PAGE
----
"Do corner-backs need to be rewired?" - Conor McCarthy's hat-trick against Donegal exposes old defensive habits
GAA fans everywhere enjoyed a weekend full of attacking prowess, high-scoring games and a bucket load of goals.
Gone, it seems, is the era of blanket defences and complicated sweepers plugging holes across the defensive line. Defenders are defenders, midfielders are midfielders and forwards are forwards - simple.
However, as Kerry and Donegal discovered last weekend, if you want to abandon that style of play and be more traditional, then your defending needs to follow suit. Monaghan's Conor McCarthy terrorised Donegal's defence, blitzing through them to score a hat-trick in the opening 13 minutes of the game.
Speaking on The GAA Hour, Colm Parkinson believes that defenders need to change their habits: "I know Donegal are coming from a more defensive system where they have cover back, but technically this was just horrific defending by Neil McGee, who you would be surprised at.
"Eoghan Ban Gallagher is an excellent corner-back in a defensive system because he bombs forward all the time, but is he a defensive corner-back? I would say probably not.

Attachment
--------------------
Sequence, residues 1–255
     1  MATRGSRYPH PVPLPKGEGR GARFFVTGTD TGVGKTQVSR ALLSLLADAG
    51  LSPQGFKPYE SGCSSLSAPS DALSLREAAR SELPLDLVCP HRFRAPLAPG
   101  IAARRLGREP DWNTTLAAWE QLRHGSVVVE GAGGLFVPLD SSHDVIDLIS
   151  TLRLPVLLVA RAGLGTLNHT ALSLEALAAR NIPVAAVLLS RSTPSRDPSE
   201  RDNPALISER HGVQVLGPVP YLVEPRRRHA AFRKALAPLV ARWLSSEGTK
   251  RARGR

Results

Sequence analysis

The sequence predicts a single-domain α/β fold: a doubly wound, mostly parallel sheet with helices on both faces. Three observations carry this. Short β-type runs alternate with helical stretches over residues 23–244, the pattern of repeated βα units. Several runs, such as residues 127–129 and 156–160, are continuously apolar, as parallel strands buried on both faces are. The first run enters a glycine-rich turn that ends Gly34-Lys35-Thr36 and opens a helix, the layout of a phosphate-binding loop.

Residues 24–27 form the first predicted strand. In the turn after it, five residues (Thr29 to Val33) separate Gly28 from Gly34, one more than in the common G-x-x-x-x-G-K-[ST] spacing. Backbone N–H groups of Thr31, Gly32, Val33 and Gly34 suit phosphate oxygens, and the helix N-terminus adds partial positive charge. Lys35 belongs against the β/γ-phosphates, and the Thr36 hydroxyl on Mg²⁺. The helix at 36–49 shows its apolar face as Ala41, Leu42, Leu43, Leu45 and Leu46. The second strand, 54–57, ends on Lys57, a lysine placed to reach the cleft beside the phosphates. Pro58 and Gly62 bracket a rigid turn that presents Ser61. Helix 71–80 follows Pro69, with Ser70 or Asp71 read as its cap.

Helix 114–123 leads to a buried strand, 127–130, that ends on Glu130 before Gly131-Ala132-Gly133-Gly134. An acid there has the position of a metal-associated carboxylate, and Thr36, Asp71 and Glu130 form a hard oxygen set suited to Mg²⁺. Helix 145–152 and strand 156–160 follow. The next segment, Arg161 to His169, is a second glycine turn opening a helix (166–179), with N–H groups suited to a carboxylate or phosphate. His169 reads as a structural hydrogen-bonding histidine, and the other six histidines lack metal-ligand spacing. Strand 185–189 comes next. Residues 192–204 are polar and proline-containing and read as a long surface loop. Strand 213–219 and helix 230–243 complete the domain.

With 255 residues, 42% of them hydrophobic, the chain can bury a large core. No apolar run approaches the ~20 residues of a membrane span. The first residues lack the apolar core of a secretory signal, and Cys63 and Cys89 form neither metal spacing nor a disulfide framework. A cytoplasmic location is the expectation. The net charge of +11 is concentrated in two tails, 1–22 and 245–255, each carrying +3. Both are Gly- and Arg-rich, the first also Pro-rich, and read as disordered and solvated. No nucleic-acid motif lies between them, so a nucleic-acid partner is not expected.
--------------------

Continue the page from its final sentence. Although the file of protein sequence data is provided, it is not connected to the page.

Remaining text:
"This thing of running for a ball and then doubling back and the corner-back not being goal-side of you, as they go up beside you; technically that's desperate, and I know we're coming out of a defensive era, but I'm wondering - do corner-backs need to be rewired again to stay goal-side, because there isn't a Colm Cavanagh on the edge of the square to come out and meet this fella?"
Colm Cavanagh, who was a master of this sweeping role in his playing days, was also on the show, and he believes that the issue might be to do with players' mindsets and reverting to type in the middle of matches.
"I think the big thing here is the shift in transition of mentality," said the Tyrone man. "Donegal and Tyrone have had a very defensive style over this last number of years to try and stifle Dublin and it just hasn't worked.
"The biggest problem that I see with Tyrone and Donegal is when you're being coached for years and years, that you can be right up behind your man and take chances because you know that there's going to be that cover there to bail you out if you slip or should something happen and the man gets in behind you.
"When trying to transition into a more attacking approach, the problem is mentality wise, defenders are used to having that cover."
The likes of Con O'Callaghan and Conor McCarthy took full advantage of this stall in the mindset at the weekend and managed to burn their markers and weave their way through in goal.
"It's very evident with McCarthy's goals, that simple jink in behind, I was watching in disbelief," continued Cavanagh. "McGee and Gallagher should have done way better.
"They're probably having a change of mindset in their camps to go back to a more traditional style of football. You're man to man, you mark your marker, no blanket in behind and you are changing your thought process."
You can listen to the full discussion on The GAA Hour now.